“It threw me off,” he said. “Keenan’s got a little spitfire in him.”
A succession of close, hard-fought games might help elevate EWU-UI showdowns, Petrino said.
“That’s how you build a rivalry,” he said.
Graham can imagine it getting to the point where it’s a game “where you circle the calendar.”
In the meantime, while the Vandals need the dominoes to fall just right to get into the playoff hunt, the first thing that must happen is they have to beat EWU, Graham said.
“It means a lot,” he said. “It’s a huge week for us.”
EWU took a recruit from Idaho’s backyard in recent years in former starting offensive tackle Nick Ellison, a former Moscow High star. Reserve offensive lineman Will Gram, who played 8-man football at Troy High School just outside Moscow, also grew up in Vandal country.
Strandley was recruited by Idaho and EWU, but he picked Idaho because of its success in the late 1980s.
“All Eastern could talk about was how Idaho was going downhill and Eastern was on the rise,” Strandley told the Lewiston Tribune as a Idaho senior in 1994. “Then I took my trip to Idaho and basically all they had to do was show me all the (championship) rings on their fingers. I was impressed with the winning tradition and decided to go here.”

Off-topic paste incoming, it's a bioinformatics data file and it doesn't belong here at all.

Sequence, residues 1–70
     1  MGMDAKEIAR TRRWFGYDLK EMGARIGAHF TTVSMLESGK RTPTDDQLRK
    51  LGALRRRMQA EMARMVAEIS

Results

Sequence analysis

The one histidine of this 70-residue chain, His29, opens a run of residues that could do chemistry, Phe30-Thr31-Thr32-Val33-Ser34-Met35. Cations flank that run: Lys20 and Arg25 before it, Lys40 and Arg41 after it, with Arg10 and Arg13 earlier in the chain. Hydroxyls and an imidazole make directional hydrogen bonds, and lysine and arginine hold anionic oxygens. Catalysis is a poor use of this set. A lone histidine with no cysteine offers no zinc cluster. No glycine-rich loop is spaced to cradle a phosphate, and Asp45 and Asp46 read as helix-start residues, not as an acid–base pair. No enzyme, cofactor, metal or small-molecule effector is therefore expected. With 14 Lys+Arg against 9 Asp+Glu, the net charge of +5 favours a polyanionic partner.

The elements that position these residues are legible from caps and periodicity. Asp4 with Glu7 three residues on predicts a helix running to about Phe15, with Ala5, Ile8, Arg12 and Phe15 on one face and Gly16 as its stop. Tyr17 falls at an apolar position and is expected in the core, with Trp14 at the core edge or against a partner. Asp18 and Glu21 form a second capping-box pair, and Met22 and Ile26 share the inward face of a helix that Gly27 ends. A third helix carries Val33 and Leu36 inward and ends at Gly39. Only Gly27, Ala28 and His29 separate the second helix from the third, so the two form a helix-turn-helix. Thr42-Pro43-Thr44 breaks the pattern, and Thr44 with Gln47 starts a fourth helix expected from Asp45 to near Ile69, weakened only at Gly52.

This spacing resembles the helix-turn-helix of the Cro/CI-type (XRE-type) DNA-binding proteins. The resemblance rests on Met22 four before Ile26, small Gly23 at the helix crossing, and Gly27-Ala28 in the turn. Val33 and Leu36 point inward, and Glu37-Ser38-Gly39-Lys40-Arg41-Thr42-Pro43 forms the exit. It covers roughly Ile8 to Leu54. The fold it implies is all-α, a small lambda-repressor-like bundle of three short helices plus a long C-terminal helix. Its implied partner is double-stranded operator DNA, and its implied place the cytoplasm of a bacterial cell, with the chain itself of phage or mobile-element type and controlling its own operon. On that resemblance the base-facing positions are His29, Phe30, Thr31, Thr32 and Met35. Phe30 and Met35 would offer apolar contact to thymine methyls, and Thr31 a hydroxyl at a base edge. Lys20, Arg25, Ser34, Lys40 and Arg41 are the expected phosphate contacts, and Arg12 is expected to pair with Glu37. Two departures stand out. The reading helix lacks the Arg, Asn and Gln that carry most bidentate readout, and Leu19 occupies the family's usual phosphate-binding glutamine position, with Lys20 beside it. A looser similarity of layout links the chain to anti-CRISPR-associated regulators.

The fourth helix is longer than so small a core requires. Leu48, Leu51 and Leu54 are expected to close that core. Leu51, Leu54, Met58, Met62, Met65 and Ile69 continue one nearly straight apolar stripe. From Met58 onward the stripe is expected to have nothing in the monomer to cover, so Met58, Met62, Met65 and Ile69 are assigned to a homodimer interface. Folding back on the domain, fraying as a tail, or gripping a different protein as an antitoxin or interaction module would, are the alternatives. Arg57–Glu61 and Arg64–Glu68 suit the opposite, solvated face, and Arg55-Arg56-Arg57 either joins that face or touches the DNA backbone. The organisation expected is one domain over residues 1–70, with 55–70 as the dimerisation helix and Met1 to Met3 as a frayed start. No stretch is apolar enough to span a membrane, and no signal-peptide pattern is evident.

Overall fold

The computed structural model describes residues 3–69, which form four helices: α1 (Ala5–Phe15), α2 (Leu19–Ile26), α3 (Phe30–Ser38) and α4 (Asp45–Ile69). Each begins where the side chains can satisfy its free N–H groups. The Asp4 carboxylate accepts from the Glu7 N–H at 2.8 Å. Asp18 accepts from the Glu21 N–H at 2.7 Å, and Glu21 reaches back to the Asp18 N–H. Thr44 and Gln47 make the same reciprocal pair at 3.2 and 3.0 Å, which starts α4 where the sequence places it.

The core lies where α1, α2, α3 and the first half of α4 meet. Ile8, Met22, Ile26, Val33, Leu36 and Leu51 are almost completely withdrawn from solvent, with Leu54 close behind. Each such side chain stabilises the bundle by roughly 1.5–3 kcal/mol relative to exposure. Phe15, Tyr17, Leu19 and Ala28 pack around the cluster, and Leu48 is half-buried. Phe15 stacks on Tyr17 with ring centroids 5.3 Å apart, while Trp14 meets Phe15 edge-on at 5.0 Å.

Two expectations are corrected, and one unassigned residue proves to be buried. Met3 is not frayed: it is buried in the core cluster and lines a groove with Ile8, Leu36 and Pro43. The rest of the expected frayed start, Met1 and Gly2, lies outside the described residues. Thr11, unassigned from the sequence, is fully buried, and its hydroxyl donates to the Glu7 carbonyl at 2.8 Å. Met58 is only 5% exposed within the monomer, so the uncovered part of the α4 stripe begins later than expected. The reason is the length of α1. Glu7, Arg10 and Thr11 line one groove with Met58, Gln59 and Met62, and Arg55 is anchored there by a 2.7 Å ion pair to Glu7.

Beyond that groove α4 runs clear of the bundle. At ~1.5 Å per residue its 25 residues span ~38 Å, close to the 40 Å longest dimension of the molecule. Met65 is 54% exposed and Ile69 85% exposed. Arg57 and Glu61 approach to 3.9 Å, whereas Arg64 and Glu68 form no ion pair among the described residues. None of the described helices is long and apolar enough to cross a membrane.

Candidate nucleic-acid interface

Now it’s EWU with the conference rings – five Big Sky Conferences titles in the last eight years, including its crown achievement of a national title in 2010. Idaho has never won a national title.
EWU tight end Henderson Belk said the Eagles don’t see Idaho as a rival – yet.
“They haven’t been in the Big Sky in a while, but they are just down the road,” Belk said. “But I’m sure it will be a rivalry in the near future. It’s just another conference game we have to win.”
Eagles safety Calin Criner, whose father, Mark Criner, was Idaho’s defensive coordinator from 2007-2012, agreed with Belk.
“I think it’ll take some time (before it’s a rivalry),” Criner said.
EWU head coach Aaron Best faced the Vandals three times as a Eagles offensive lineman in the late 1990s after the Vandals left the conference, beating his father’s alma mater once in 1997, the year EWU won its second conference title.
So did Best grow up a Vandals fan because dad earned his degree in Moscow?
“Absolutely not,” Best said.
“It’ll take some time (to be a rivalry again),” Best said. “But anytime you have two good football teams within the short distance we are, you’ve got a chance for a rivalry to blossom.”
While Saturday’s game falls well short of good, old-fashioned rivalry, it is of consequence. For now, that will have to do.
Correction: An earlier version of this story incorrectly labeled Paul Petrino as Idaho’s offensive coordinator in the early 1990s. He was a position coach.